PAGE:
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Round-up: COVID-19 March 2021 (Part Three)

The latest round-up of the most recent news and research surrounding COVID-19 from the past fortnight.


At the time of writing, there have been:

  • 129,570,621 cases
  • 2,830,132 deaths
  • 104,480,253 recoveries


  • Researchers have used specialised human airway cell cultures to investigate the impact of respiratory tract temperatures on SARS-CoV and SARS-CoV-2 replication. (Dijkman et al, 2021)
  • A recent review has brought together more than 30 experts from Columbia and other medical centres to explore what is currently known about long-haul COVID. (Sehgal et al, 2021)
  • Scientists have found that neutralising antibodies against SARS-CoV-2 last at different rates – from days to decades. They also showed that the severity of infection may be a deciding factor in the presence of longer-lasting antibodies. (Chia et al, 2021)
  • New research has suggested that serious complications due to blood clots that are experienced by some COVID-19 survivors may be caused by a lingering immune response in the blood vessels. (Chioh et al, 2021)
  • An international team has found evidence that SARS-CoV-2 infects cells in the mouth. (Huang et al, 2021)
  • Researchers have identified the most toxic proteins made by SARS-CoV-2 and then used an FDA-approved cancer drug to lessen the viral protein’s detrimental effects. (Lee et al, 2021)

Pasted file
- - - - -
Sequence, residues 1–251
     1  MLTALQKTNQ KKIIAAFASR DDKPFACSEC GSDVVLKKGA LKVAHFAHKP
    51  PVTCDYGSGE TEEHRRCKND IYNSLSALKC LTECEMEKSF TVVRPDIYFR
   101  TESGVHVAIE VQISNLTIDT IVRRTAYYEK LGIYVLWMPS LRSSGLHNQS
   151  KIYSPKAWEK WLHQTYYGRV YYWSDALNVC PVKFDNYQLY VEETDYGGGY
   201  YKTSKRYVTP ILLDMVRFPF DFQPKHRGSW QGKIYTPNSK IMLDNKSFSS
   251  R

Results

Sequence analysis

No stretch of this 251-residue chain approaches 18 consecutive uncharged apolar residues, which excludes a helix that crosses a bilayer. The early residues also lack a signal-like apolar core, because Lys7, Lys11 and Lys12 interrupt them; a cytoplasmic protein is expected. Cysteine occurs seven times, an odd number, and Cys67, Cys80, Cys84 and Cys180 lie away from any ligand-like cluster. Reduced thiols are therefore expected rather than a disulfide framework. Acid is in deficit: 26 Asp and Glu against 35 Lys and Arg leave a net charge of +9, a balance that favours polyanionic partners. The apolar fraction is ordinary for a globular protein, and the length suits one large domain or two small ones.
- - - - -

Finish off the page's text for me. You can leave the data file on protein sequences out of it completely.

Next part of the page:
• A team has used advanced technology and analytics to map, at single-cell resolution, the cellular landscape of diseased lung tissue in severe COVID-19 and other infectious lung diseases. (Rendeiro et al, 2021)
  • Researchers have determined that SARS-CoV-2-specific CD8+ T cell responses remain largely intact and can recognise multiple prominent circulating mutations. (Redd et al, 2021)
  • Researchers have mapped the distribution of SARS-CoV-2 in deceased patients with the disease, shedding new light on how viral load relates to tissue damage. (Deinhardt-Emmer et al, 2021)

Other news

  • A recent study has found that news coverage of expert scientific evidence is effective in increasing public acceptance of vaccines. However, this effect is diminished by personal narratives about real side effects. (Kuru et al, 2021)
  • Pfizer-BioNTech have announced that their vaccine is safe and 100% effective in adolescents (aged 12-15 years old). (Pfizer, 2021)

Image credit: By starline – freepik

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